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The Paw Print

The Student News Site of Wilde Lake High School

The Paw Print

The Student News Site of Wilde Lake High School

The Paw Print

Lake Bids Farewell to Beloved Coach, Mentor, and Friend

%E2%80%9CCoach+Nesbitt+was+a+huge+family+guy.+I+saw+him+with+his+family%3A+his%0Awife+and+sons.+Seeing+that+was+also+hugely+impactful+for+me%2C%E2%80%9D+said%0ACoach+Justin+Thomas.+Photo+Credit+Mr.+Pickett.
“Coach Nesbitt was a huge family guy. I saw him with his family: his wife and sons. Seeing that was also hugely impactful for me,” said Coach Justin Thomas. Photo Credit Mr. Pickett.

Dave “Bear” Nesbitt was more than just a coach.

He was a mentor, pioneer, friend, grandpa, dad, husband, and Wildecat.

He could be strict while holding his team to high standards. He would make his players run and do tucks until they were prepared. But he also had the kindest of hearts.

He was beloved by many students and families in the Wilde Lake community, with a heart not only for the game, but for his players. In Howard County, Coach Nesbitt was a true soccer icon. He introduced his own innovative method of playing to the fields.

Mr. Pickett, former player of Coach Nesbitt’s and current WildeLake Art teacher and assistant boy’s soccer coach describes Coach Nesbitt’s method as “possession oriented.” “The system of playing possession oriented soccer, the way of thinking about it is not just kicking and running as fast as and as hard as you can… [he taught] young athletes to understand that there are different ways to solve a problem.”

In his final season, Coach Nesbitt coached varsity player Evan Figueroa on the sideline.“He wanted everyone to be a team player,” said Figgs. Photo Credit Evan Figueroa.

Even without a playing pedigree, in his time coaching Coach Nesbitt led the Cats to win six state championships. These titles took work.

According to Coach Justin Thomas, former Wildecat soccer player and current coach of the Centennial Eagles boy’s soccer team, Coach Nesbitt worked his players with “high standards.” He pushed his players to build his team.

“He made you reach that standard, and there wasn’t any other option,” Coach Thomas said, “You learned pretty quickly what you can’t do. In general, messing around and wasting time wasn’t allowed. You really trained hard and didn’t want to make a mistake in practice.”

Junior Evan Figueroa played under Coach Nesbitt for two years. Figueroa, better known as “Figgs,” remembers Coach Nesbitt telling the team that there are “players” on the field and there are “participators.”

He says that this team-player mentality was a large piece of Coach Nesbitt’s high standard. “You would have to play for the team and play for Wilde Lake. He wanted everyone to be a team player,” Figgs said.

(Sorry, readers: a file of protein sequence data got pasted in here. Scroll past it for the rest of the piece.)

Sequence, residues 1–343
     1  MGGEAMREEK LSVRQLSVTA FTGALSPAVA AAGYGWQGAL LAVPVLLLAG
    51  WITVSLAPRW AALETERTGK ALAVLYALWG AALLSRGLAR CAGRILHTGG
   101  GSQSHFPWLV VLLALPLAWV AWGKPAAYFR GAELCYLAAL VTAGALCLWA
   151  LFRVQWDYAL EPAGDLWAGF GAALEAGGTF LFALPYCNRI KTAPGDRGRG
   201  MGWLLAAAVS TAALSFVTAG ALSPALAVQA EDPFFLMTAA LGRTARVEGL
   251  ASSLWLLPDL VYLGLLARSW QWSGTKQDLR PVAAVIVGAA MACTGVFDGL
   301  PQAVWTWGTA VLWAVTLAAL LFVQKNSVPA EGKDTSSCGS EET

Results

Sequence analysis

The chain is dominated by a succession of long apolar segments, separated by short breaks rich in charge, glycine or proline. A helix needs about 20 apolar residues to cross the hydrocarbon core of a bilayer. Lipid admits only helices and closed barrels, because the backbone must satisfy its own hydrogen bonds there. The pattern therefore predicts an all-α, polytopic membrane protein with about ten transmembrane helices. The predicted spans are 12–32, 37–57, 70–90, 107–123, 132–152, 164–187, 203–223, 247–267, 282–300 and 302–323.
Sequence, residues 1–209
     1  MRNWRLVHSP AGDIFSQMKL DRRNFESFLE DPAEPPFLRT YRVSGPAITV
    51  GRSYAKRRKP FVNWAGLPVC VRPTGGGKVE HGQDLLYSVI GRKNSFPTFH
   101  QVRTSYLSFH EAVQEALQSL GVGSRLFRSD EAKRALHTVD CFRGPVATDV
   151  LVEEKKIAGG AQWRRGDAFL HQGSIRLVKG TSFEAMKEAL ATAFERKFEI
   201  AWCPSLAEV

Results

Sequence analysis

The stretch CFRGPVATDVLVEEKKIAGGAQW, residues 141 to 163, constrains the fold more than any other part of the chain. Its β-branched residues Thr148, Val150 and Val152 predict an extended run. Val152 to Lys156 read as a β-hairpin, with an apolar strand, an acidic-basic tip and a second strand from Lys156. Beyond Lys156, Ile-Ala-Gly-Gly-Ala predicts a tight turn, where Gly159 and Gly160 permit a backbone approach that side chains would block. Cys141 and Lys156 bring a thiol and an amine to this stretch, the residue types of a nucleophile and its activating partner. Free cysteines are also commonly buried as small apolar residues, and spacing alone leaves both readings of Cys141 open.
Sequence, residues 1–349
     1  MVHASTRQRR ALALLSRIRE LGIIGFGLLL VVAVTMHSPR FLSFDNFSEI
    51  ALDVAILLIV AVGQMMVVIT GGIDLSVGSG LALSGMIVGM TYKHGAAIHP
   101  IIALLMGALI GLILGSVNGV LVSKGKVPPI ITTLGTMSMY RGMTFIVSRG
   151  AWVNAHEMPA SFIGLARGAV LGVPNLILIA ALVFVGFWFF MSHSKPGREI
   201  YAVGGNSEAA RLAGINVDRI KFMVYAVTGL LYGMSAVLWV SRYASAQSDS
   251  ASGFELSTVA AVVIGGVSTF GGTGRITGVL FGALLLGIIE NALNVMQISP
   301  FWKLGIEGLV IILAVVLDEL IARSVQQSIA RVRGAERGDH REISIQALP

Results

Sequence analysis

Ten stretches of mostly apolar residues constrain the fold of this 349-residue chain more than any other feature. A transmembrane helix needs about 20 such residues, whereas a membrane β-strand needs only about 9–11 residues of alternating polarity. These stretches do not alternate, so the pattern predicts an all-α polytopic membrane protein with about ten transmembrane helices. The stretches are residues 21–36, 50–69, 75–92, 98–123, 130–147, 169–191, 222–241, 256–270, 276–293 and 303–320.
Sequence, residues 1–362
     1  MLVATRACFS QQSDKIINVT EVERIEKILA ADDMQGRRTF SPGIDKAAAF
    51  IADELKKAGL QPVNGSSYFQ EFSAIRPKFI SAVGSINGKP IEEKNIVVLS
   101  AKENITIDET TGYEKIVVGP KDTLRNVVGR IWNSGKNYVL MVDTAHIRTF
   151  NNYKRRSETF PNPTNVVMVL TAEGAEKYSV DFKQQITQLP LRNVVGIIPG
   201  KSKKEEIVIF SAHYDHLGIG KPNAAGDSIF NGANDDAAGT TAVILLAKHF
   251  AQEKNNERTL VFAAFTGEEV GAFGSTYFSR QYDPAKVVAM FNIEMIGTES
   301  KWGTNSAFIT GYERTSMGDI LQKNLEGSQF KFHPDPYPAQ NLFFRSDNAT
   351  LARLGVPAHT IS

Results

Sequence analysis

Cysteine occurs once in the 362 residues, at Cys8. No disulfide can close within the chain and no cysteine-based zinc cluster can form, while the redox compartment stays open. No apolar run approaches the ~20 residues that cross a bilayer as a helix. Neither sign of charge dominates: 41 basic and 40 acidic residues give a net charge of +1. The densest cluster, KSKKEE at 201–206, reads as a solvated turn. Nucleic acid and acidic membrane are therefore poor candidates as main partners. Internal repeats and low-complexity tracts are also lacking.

Players remember Coach Nesbitt for his caring presence, but also for his momentary but rare outbursts. Coach Nesbitt would say, “I think we need an attitude adjustment,” while running his players. As Coach Thomas said, “He genuinely cared about the players, and he had tough love. He’ll tear you down, but he’ll build you up at the same time.”

Coach Nesbitt truly acted as a role model for his players as they reflected on him with great “love.” To Coach Thomas, Coach Nesbitt was more than a high school coach, but an inspiration and role model as a Black coach.

On his 80th birthday, Coach Nesbitt sits beside his youngest grandson, Finn. Finn played JV soccer for the Wildecats for the 2023 season. Coach Nesbitt’s older grandsons, Liam and Shea, played for the Cats under Coach Nesbitt. Photo Credit Finn Nesbitt.

“There were very few coaches of color at all, and in soccer, there weren’t that many Black players either, so that had a huge impact on me, feeling like I belonged there,” he said, “I think up until that point I had never had a Black coach until high school, so that gave me the confidence to coach too.”

Coach Nesbitt built up a great deal of confidence in his players, allowing them to see the impact a coach can have on their athletes. “He gave me the confidence to be a coach and build the kids athletically as players. He lead the team to do things that we did not think we were able to do,” Mr. Pickett said.

In instilling such confidence in his athletes, Coach Nesbitt created a family atmosphere. He influenced his players’ perspective on soccer, revealing to them that it is more than just a game.

According to Figgs, Coach Nesbitt made his players take something away from each practice.

The Cats would have to write notes in a journal after practice to reflect on their playing. “He made sure you took notes when you went home. Every time you were with him, there was a lesson to learn, something to take away, something to improve from,” he said.

Coach Nesbitt made his players feel like they were part of a special group.

“It really felt like a family atmosphere, and everybody knew each other. Coach Nesbitt organized pasta dinners when that sort of thing wasn’t happening,” said Thomas. To many, Coach Nesbitt was a source of family.

Wilde Lake Lacrosse Coach and special educator Tony Bell saw Coach Nesbitt as a father figure. “I never had a father, and Coach Nesbitt was like a very close father figure to me,” said Coach Bell. As a big “family man,” Coach Nesbitt left such a mark on many of his players, including his own grandsons.

Finn Nesbitt, Coach Nesbitt’s youngest grandson, says that his grandfather taught him “how to be a better person”.

“He’s always been somebody I felt like I could be safe around and could really talk to. He was always at my games,” said Finn.

For many, Coach Nesbitt left his mark. As Coach Bell said, “He helped me become a better teacher, coach, man, father, and grandfather. What more can I say?”

Coach Nesbitt passed peacefully in his home on July 19, 2023.

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